and WHY do I care?

by Madelyn Griffith-Haynie,
CTP, CMC, ACT, MCC, SCAC
#1 of a 2-parter in the Comorbities Series

(To find out how the Zebras relate, read the article!!) 

differential diagnosis is one which examines all of the possible reasons for a set of symptoms in order to arrive at an identification of the cause (or combination of causes) of a presenting problem.

It’s a fairly simple process of elimination that can become unblievably complex in an eye-blink, “simply” because so many diseases and disorders present with similar symptoms,

Although the term “differential diagnosis” initially referred to issues of physical health, today many doctors in the mental health field also use this system of diagnosis.

Diagnosticians specialize in differential diagnosis.

Everybody’s favorite Diagnostician

And who would that be?

Why, House, of course!

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Top Ten Questions about ADD meds


Considering ADD Medication?

©Madelyn Griffith-Haynie, CTP, CMC, A.C.T., MCC, SCAC
Updated legacy post -orig. 09/12/99

line drawing of a middle-aged doctor with glasses: shoulders and headTen Important Things to find out from your doctor or your pharmacist

First Things First: Doctors are only human — OVERWORKED humans.  They also have a lot of patient information to keep track of.

On top of that, it may take a change or three to titrate meds for each patient (find the right medication, the right dosage, the right timing, etc.).

So it’s always wise to double-check your prescription EVERY time.   Make sure the medication, dosage and timing are the same as last time, and point out anything that’s different before you leave the office.  

When you pick up your medication at your pharmacy, check it again.

So that means you’re gonna’ write down the information the FIRST time, right?
THEN you’re gonna’ transfer it to something you will keep in your wallet – or to your PDA or cellphone – something you always have with you, right?
(while you’re waiting for your very first prescription to be filled is an excellent time to do this, by the way!)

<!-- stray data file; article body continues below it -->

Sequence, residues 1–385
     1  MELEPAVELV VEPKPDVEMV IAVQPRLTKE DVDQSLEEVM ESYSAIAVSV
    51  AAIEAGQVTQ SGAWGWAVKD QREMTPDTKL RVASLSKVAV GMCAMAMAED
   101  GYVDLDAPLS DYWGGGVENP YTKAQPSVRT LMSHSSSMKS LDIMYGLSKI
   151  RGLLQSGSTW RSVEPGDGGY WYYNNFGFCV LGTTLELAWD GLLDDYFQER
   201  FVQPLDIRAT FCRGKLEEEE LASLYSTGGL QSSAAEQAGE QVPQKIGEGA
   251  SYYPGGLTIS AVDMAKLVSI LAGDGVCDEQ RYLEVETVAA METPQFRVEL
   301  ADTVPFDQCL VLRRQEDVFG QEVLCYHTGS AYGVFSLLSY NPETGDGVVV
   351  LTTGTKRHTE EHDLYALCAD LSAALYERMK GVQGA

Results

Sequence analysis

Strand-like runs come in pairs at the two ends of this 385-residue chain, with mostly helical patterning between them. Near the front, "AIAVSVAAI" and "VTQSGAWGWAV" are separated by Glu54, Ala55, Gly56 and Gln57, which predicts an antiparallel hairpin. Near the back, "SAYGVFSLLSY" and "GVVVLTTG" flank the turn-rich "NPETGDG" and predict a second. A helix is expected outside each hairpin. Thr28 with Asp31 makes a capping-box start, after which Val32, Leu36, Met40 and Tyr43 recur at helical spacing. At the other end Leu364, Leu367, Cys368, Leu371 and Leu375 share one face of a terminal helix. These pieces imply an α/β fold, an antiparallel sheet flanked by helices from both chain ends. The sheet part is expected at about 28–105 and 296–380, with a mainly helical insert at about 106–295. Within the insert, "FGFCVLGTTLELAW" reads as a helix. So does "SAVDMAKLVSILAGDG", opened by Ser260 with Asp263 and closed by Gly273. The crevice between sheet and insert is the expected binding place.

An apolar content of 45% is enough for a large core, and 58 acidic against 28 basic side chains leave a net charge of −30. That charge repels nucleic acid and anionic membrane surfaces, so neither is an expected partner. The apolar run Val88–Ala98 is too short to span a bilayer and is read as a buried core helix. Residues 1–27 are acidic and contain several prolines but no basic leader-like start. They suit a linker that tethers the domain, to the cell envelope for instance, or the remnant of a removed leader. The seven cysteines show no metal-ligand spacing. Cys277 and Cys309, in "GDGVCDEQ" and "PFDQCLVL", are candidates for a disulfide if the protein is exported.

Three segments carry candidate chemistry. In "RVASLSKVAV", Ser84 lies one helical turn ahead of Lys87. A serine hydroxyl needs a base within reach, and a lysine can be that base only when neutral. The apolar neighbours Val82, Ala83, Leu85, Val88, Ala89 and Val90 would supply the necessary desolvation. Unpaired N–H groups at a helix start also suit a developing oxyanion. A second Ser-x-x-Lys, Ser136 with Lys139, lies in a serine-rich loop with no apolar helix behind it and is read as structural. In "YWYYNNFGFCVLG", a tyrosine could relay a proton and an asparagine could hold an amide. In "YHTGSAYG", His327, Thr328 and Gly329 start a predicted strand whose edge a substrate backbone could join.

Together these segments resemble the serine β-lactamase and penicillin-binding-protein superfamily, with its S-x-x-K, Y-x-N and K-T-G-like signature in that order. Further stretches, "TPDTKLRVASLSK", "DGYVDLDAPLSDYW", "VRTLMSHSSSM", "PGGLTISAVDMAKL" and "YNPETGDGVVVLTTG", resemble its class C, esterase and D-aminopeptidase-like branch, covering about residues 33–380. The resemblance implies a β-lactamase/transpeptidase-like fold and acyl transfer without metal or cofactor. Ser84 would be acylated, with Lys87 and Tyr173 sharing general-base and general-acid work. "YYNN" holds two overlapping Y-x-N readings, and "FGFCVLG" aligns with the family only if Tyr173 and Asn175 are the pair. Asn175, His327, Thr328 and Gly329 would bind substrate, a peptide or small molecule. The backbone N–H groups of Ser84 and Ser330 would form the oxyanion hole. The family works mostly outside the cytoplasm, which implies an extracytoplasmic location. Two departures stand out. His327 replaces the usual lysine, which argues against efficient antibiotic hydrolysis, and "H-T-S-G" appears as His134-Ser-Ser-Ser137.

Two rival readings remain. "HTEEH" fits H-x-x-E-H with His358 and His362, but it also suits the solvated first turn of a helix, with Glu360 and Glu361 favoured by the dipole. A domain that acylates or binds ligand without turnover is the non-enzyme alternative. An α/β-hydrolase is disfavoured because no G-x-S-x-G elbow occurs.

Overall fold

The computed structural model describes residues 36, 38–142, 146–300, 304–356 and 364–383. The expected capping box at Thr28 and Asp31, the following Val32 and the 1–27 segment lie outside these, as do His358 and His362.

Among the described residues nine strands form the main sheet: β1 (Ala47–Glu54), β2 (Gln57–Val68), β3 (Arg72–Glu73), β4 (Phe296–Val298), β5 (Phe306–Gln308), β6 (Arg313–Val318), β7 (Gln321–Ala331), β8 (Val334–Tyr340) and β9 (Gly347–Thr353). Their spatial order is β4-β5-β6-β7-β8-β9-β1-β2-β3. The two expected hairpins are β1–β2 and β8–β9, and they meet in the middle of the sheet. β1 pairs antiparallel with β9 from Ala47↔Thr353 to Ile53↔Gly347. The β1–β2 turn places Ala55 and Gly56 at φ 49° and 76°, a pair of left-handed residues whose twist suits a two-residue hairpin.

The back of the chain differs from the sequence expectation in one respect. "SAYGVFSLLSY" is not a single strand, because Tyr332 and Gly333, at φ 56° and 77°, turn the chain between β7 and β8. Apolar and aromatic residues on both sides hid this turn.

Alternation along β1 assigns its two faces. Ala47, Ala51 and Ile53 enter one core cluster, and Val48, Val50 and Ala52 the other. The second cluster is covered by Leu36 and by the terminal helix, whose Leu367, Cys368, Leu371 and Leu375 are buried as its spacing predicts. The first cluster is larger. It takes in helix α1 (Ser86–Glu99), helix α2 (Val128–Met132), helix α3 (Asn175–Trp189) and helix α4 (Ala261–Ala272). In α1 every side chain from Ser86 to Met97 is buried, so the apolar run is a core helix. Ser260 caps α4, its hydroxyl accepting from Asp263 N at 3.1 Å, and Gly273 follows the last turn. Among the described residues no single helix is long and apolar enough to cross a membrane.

I use “ADD” or ADD/EFD, avoiding the “H” unless I am specifically referring to gross motor hyperactivity.  (Click HERE for why).

NOW, on to those Ten Things . . .

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MGH clients . . .


by Madelyn Griffith-Haynie, CTP, CMC, ACT, MCC, SCAC


I Coach Clients Who . . .

cartoon drawing of woman in coach hat, sunglasses and t-shirt with "mghcoach" on it

     Like every other coach on the planet:

“I work well with people in transition,
both in personal and professional settings.”

Well, duh!  Who doesn’t that include?  

There’s not a soul with breath to fog a mirror who isn’t
experiencing some sort of transition, right?

Yet, when you take the time to think about it more specifically, most coaches tend to attract clients in “categories” clustered around similar types of transitions, which means they are likely to be working on similar types of challenges.

Even though we coaches redefine our “ideal client profile” relatively frequently, even in brand new niches there remains an essential core of familiarity.  It’s fascinating to look back over a decade (oh, alright, several) to attempt to determine what my clients had in common.  It’s an exercise well worth doing annually for any private practitioner.

So, maybe you will recognize yourself among some of the “transition categories” my clients have had in common over the past couple of decades. Read more of this post

How I Coach


Remember – links on this site are dark grey to reduce distraction potential
while you’re reading. They turn red on mouseover.

My Coach Approach

by Madelyn Griffith-Haynie, CTP, CMC, ACT, MCC, SCAC

I want every one of my clients to enjoy their coaching time, and I firmly believe that only happens in an unconditionally constructive atmosphere.  

Like all coaches, I’ll always encourage your very best efforts. My come-from, however, is that we ALL do the best we can at all times, especially during those times when it could easily look otherwise.

  • I know that on days when my own functional temperature is low, I’m working twice as hard, not half as hard, even if I have little to show for my efforts.
  • I need a coach who will remind me not to beat myself up, not one who will initiate the beatings!

To my mind, anyone who does well with a “tough love” approach is doing so in spite of the approach, not because of it.  I want my clients to develop healthy motivational strategies.

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10 Questions to Ask to find a GRRRRreat! ADD Doc


ADD* & Looking for a Doctor?

by Madelyn Griffith-Haynie, CTP, CMC, ACT, MCC, SCAC

Ten great questions to ask in the initial interview

Cartoon of a Doctor in a white lab coat with clipboard, glasses. and doctor's bag

Most of us are desperate for help by the time we look for it. 

ADD affect combined with a shortage of time and money means we often approach the process as beggars at a banquet, accepting a crust of bread as eagerly as a balanced meal.

If you don’t want to have to “Return to GO” when you find out later that things aren’t working (leaving your $200 on the table with the first doctor!), take some time to think first about what you need, and to find out whether your needs will be met by the care provider you are considering.

—————–

SEE: ADD: What’s in a Name? for why I don’t use the “H” – even though you ADHD-ers are definitely included in the articles you will find here.

© Updated 2011, Madelyn Griffith-Haynie,CTP, CMC, MCC, SCAC-orig. on ADDCoach.com – 07/05/95